2. Sustaining Progress Agreement Clause 1.3 refers to cooperation with normal ongoing change and the need for continued adaptation and flexibility to maintain competitiveness and to increase productivity and employment. It also refers to a need to develop a first class work environment, which facilitates employee advancement, improves job security, promotes equal opportunities, increases training, productivity, flexibility and good working conditions which benefits everyone involved. Having complied with Sustaining Progress the Company has difficulty getting workers to comply with Clause 1.3.
Two issues were referred to the Court.
(a) Requirement for Employees on Annual Hours Contracts to Work Reserved Hours.
Reserve Hours, which are part of the overall Agreement on Annualised Hours in the Powder Factory total a maximum of 185 hours paid at a premium rate of 1.75.
The Union disagreed with the Company’s attempts to use these hours to cover absenteeism and held that the hours should not have to be worked, or if they ever had to be worked it should be at a minimum and that had been the case since the original agreement in 1999.
Up until 2003/2004 the necessity to work reserved hours had been at a minimal, since then due to an increase in levels of absenteeism Operators are now required to work more of their reserved hours. However, the Court notes that even with the increase in liability to work the hours, the requirement is still very low (circa 100 hours per annum in total Company wide).
At the Labour Relations Commission, in an effort to address the dispute between the parties, the Industrial Relations Officer put forward a proposal to both sides - dated 23rd May 2005. The Union put the proposal to ballot; the members rejected it.
The proposal stated:
- “Reserved Hours: it is agreed between the parties that where the medical certificate received at the beginning of the absence states that the employee will be out of work longer than one week then the employees will cover the absence as reserved hours for two days. In all other absences they will work reserve hours as per the existing agreement.”
Having considered the matter, the Court is of the view that the concept of Reserved Hours is an integral part of the Annual Hours Contract, designed to deal with the operational needs of the Company and furthermore, short term absences should be covered by Reserve Hours. The Court considers that the proposal put forward by the Labour Relations Commission is reasonable in the circumstances and recommends that it should be re-instated and accepted by the members.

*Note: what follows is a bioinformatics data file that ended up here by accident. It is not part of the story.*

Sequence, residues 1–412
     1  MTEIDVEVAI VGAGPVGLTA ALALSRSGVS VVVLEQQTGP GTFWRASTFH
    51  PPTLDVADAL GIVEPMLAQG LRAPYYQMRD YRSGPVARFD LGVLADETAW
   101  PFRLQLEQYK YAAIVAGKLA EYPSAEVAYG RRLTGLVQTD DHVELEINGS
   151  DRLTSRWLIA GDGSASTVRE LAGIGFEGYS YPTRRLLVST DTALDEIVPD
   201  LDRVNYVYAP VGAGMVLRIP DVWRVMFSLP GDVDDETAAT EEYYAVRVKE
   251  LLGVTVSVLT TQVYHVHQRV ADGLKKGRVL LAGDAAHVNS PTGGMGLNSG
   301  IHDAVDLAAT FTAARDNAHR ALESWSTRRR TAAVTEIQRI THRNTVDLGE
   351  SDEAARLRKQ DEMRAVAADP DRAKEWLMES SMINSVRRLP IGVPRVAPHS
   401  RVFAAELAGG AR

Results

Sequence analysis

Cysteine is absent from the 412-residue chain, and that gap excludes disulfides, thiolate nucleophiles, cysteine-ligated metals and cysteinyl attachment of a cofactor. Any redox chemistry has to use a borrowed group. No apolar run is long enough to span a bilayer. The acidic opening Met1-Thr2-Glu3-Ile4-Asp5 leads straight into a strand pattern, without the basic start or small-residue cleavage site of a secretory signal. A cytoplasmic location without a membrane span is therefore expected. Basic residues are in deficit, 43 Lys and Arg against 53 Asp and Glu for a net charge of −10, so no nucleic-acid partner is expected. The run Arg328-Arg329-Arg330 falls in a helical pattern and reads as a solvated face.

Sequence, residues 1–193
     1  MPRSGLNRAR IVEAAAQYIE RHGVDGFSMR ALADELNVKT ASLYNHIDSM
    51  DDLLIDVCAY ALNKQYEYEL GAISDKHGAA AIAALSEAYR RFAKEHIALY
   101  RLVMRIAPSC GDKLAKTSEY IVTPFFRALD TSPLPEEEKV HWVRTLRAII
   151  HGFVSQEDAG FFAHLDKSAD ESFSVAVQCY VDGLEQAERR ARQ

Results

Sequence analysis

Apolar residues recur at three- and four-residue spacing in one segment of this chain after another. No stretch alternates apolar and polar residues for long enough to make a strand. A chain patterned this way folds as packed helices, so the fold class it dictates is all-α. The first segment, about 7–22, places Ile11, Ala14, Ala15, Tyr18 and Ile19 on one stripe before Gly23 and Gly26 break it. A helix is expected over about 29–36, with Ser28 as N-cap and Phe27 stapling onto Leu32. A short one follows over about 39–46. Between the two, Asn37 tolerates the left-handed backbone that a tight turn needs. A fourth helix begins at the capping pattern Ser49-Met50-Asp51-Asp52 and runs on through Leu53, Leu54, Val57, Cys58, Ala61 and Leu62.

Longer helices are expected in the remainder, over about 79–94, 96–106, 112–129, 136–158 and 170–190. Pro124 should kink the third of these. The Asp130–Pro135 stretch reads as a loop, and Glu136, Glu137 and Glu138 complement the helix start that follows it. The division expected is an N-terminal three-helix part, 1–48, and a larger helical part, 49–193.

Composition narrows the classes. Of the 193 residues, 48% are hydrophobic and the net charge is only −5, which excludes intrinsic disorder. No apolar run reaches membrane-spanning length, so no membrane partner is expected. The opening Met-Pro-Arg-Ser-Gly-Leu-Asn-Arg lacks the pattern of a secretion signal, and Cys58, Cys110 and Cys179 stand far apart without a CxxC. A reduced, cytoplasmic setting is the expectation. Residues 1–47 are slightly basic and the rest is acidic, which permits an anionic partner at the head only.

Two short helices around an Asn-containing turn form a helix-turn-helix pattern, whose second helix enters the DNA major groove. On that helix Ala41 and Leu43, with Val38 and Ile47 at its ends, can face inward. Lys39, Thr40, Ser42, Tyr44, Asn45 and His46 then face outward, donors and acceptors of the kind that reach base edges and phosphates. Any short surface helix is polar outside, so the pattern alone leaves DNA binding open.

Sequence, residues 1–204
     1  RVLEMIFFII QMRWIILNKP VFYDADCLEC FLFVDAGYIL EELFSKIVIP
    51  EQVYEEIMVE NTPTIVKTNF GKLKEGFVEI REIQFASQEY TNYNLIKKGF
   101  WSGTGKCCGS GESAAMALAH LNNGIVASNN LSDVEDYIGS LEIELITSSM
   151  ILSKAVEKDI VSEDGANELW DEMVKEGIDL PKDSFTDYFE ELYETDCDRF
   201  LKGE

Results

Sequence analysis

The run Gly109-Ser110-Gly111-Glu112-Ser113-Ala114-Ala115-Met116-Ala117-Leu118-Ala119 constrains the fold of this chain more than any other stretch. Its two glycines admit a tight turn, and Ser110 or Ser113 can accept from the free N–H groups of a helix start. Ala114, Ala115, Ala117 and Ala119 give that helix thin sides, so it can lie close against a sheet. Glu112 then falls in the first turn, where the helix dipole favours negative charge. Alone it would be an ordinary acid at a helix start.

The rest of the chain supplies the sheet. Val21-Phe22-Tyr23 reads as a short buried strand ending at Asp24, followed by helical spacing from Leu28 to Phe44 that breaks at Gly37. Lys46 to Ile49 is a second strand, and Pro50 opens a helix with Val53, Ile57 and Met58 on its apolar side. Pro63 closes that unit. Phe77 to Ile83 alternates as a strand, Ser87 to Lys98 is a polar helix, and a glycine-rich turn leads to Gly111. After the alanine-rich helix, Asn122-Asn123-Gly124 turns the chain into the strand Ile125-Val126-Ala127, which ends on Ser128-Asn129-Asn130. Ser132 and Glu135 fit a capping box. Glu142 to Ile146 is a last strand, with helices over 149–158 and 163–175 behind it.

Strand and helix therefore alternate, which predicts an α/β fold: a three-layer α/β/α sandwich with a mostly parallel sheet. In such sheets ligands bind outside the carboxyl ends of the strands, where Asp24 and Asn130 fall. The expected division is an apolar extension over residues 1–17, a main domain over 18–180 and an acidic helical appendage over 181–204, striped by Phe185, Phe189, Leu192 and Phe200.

The Court is further of the view that the growing levels of absenteeism as outlined by the Company should be addressed.
(b) Claim for Retrospective Pay by Wet Area Operators in Cheesestrings arising from an upgrade from Grade 5+ to Grade 6.
The Court is satisfied that the exercise carried out by IPC which recommended the upgrading of Wet Area Operators in Cheesestrings was based on the jointly agreed Job Profiles for the Operatives. The Job Profiles specified the need to ensure the efficient and cost effective operation of the Cheesestrings Wet Area processes and detailed the need to ensure optimum productivity/efficiency when describing the range and nature of duties attached.
Therefore, the Court accepts that the Company can expect the Operators to work in delivering an improved performance based on the agreed Job Profiles in return for the upgrade and retrospection. In addition, the Court accepts the Company’s need to identify the training/retraining needs of the Operators.
Consequently, the Court recommends that the Union should fully co-operate with management on achieving these aims and in return the retrospection due should be paid on the following basis:
-25% of retrospection should be paid on acceptance of the principle of the Job Profiles being achieved,
-50% after 6 months of implementation of the Company’s plans to achieve the productivity/efficiencies envisaged,
-25% after a further 6 months of successful implementation.
The Court so recommends.
Signed on behalf of the Labour Court
Enquiries concerning this Recommendation should be addressed to Jackie Byrne, Court Secretary.